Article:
If exchange rates are random walks, then almost everything we say about monetary policy is wrong
Andrew Atkeson and
Patrick Kehoe ()
Quarterly Review, 2008, issue Jul, No v. 32, No. 1, 2-9
The key question asked by standard monetary models used for policy analysis is, How do changes in short-term interest rates affect the economy? All of the standard models imply that such changes in interest rates affect the economy by altering the conditional means of the macroeconomic aggregates and have no effect on the conditional variances of these aggregates. We argue that the data on exchange rates imply nearly the opposite: the observation that exchange rates are approximately random walks implies that fluctuations in interest rates are associated with nearly one-for-one changes in conditional variances and nearly no changes in conditional means. In this sense, standard monetary models capture essentially none of what is going on in the data. We thus argue that almost everything we say about monetary policy using these models is wrong.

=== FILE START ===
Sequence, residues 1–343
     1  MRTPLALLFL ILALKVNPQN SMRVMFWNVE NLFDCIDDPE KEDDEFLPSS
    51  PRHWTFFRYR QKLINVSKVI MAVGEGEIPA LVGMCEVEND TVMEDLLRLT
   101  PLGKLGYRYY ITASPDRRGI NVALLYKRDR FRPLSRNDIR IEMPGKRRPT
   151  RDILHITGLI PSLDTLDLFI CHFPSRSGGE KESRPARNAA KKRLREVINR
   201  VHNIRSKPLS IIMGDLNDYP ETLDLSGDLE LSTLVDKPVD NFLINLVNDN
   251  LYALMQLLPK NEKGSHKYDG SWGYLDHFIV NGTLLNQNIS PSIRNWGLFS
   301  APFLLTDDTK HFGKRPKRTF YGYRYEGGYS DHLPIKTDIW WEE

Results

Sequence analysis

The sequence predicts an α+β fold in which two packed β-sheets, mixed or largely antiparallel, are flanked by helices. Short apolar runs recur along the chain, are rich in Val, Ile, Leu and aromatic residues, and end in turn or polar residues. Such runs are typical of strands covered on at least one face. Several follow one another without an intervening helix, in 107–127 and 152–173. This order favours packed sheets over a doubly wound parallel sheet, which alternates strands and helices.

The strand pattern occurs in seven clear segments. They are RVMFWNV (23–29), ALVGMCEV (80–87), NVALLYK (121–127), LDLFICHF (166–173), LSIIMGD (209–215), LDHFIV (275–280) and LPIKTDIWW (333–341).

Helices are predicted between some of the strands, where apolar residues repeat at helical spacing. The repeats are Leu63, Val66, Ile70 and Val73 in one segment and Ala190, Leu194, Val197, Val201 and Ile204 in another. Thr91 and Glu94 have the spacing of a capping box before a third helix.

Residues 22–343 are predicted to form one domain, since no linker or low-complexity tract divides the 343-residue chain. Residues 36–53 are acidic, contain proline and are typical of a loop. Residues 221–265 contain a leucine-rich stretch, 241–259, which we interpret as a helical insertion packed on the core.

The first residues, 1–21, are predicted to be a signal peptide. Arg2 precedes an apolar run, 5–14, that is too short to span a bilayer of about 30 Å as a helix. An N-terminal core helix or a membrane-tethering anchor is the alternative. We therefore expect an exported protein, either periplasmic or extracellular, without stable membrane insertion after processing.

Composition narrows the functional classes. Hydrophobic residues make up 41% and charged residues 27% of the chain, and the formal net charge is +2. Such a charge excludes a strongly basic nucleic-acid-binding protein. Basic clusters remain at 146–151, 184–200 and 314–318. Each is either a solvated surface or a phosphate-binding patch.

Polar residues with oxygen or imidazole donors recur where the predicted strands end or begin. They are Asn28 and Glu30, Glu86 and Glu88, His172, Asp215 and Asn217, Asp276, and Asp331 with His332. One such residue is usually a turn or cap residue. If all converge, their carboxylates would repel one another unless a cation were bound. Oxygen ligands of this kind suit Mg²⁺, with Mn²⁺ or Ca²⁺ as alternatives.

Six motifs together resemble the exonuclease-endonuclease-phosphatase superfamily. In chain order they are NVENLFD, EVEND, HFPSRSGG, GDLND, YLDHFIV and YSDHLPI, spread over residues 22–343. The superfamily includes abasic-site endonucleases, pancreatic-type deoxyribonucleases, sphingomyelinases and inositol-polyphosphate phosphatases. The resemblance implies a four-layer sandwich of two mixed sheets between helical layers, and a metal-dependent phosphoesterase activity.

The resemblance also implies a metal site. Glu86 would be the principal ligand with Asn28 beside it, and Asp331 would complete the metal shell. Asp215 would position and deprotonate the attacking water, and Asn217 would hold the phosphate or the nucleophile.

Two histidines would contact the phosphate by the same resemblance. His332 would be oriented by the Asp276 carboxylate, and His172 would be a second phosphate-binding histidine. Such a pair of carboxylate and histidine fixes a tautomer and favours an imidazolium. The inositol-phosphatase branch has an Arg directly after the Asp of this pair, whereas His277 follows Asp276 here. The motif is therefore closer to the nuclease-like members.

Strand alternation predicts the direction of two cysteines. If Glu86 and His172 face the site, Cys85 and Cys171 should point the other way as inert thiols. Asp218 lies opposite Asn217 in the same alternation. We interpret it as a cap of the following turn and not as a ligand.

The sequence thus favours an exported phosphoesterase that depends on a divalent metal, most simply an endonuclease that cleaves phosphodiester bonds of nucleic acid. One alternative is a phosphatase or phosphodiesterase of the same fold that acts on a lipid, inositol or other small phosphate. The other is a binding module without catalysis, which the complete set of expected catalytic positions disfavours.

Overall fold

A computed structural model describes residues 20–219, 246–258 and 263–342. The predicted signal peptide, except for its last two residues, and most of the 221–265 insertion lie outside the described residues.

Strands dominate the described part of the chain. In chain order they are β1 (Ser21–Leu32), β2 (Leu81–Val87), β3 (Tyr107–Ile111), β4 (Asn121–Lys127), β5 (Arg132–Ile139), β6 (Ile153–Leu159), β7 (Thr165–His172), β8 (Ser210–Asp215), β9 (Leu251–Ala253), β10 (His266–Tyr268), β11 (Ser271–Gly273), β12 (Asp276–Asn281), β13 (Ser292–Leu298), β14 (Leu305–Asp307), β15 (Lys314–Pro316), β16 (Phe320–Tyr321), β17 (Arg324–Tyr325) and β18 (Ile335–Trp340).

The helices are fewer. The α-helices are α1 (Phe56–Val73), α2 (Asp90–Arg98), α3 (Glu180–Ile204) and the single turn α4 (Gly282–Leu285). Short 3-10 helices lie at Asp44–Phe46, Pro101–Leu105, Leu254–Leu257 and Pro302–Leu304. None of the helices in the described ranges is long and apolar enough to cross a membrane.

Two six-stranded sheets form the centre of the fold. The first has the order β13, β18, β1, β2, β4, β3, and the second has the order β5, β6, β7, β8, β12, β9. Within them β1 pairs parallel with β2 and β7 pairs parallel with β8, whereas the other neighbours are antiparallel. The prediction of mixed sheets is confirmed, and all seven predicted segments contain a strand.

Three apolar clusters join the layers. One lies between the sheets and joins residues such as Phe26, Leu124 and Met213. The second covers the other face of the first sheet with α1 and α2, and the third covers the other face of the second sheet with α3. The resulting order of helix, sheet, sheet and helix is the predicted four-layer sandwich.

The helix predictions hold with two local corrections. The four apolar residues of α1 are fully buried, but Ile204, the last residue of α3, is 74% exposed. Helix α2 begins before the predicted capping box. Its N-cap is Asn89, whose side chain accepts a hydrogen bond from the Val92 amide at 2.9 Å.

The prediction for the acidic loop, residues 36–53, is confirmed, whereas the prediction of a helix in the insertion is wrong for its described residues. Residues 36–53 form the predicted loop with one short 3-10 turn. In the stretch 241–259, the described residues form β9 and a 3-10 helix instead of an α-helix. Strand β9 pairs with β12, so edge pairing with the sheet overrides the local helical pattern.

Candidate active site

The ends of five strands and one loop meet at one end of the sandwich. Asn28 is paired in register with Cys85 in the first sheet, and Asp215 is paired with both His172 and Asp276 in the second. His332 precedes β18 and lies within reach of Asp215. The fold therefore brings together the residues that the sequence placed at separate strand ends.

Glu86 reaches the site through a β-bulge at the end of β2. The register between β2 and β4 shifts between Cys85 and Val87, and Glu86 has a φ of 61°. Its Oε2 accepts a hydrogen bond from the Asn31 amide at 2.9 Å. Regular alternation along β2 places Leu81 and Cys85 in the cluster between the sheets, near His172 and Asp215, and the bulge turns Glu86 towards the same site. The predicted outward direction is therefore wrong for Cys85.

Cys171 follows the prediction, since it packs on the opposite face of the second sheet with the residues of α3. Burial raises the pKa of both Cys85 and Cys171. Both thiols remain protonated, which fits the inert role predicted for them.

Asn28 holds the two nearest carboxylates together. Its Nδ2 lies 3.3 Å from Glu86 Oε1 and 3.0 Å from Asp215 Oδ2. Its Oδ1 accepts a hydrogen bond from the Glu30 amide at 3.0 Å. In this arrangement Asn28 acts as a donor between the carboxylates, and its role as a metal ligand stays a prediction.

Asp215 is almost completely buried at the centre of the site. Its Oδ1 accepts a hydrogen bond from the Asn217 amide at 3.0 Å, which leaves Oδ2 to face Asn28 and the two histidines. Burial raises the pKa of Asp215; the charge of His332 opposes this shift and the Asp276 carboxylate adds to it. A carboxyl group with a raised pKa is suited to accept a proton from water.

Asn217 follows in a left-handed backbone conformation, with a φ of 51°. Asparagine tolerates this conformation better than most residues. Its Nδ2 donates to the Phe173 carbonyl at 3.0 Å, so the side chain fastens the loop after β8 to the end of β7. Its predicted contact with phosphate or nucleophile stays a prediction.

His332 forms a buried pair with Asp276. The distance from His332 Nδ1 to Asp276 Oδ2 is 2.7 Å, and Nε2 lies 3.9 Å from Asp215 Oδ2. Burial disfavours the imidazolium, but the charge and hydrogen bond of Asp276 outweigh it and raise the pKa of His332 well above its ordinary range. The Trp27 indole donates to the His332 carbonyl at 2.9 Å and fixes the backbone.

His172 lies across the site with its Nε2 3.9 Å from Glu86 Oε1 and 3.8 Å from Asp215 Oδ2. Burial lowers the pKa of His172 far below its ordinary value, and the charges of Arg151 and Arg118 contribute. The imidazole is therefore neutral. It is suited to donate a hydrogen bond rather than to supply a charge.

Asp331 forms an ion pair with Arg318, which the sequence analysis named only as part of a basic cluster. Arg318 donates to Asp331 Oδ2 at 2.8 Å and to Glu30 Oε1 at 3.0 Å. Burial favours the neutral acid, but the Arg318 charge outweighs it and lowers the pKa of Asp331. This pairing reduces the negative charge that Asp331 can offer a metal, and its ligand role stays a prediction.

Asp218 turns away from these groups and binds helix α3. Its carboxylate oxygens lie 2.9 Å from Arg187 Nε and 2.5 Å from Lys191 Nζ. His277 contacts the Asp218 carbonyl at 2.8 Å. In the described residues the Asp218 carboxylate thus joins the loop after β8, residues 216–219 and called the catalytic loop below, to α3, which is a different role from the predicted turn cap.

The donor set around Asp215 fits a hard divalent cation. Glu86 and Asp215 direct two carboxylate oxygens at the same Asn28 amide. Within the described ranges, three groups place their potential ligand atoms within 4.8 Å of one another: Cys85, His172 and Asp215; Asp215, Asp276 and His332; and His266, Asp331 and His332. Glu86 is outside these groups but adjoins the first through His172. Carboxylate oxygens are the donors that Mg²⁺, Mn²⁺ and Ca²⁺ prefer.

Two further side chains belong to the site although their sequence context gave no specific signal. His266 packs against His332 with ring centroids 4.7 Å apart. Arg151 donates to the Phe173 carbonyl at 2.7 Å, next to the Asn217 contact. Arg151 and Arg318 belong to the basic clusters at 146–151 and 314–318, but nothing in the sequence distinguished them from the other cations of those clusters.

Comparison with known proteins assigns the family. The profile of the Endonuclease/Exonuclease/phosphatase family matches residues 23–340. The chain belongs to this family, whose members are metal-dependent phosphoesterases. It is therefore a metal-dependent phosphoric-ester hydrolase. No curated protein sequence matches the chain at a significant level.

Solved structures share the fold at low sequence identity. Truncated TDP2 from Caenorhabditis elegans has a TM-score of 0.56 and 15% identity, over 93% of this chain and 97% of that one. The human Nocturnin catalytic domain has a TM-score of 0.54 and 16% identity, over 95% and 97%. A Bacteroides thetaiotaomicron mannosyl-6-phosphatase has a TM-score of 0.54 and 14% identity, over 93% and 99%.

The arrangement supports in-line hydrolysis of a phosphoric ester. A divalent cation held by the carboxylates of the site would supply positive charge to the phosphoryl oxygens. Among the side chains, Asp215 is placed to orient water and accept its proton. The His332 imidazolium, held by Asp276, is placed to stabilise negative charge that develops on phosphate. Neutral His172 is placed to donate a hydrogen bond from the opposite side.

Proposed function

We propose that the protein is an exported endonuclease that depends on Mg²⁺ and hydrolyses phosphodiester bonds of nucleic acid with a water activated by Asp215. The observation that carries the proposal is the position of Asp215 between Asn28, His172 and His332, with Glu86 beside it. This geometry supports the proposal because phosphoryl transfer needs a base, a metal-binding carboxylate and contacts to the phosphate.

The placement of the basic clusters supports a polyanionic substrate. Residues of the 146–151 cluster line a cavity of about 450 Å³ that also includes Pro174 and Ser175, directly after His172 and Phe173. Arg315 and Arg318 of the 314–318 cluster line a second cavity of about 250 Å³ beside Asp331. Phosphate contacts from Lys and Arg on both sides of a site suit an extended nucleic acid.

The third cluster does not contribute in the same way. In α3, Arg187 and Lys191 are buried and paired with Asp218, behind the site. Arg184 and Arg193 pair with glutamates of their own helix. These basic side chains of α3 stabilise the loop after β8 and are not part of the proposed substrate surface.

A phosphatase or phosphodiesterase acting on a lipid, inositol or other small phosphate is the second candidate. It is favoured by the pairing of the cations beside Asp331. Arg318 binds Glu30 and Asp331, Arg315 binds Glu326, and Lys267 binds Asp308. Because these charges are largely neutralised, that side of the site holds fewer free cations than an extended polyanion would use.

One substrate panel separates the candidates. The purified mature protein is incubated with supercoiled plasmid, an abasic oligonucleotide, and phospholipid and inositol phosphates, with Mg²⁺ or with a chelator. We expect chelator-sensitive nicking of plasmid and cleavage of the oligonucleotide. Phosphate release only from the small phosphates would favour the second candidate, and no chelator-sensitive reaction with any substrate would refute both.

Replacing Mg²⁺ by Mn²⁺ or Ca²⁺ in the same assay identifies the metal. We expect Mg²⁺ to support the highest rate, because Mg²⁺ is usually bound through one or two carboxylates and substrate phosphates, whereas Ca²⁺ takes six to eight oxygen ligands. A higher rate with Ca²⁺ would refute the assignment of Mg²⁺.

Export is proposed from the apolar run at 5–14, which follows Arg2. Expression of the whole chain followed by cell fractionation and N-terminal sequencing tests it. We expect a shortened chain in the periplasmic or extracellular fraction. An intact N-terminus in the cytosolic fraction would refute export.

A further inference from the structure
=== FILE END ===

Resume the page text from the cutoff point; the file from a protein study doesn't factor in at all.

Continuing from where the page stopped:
Keywords: Monetary policy; Random walks (Mathematics); Foreign exchange (search for similar items in EconPapers)
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Journal Article: If Exchange Rates are Random Walks, Then Almost Everything We Say About Monetary Policy is Wrong (2007)
Working Paper: If exchange rates are random walks, then almost everything we say about monetary policy is wrong (2007)
Working Paper: If exchange rates are random walks then almost everything we say about monetary policy is wrong (2007)
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Persistent link: https://EconPapers.repec.org/RePEc:fip:fedmqr:y:2008:i:jul:p:2-9:n:v.32no.1
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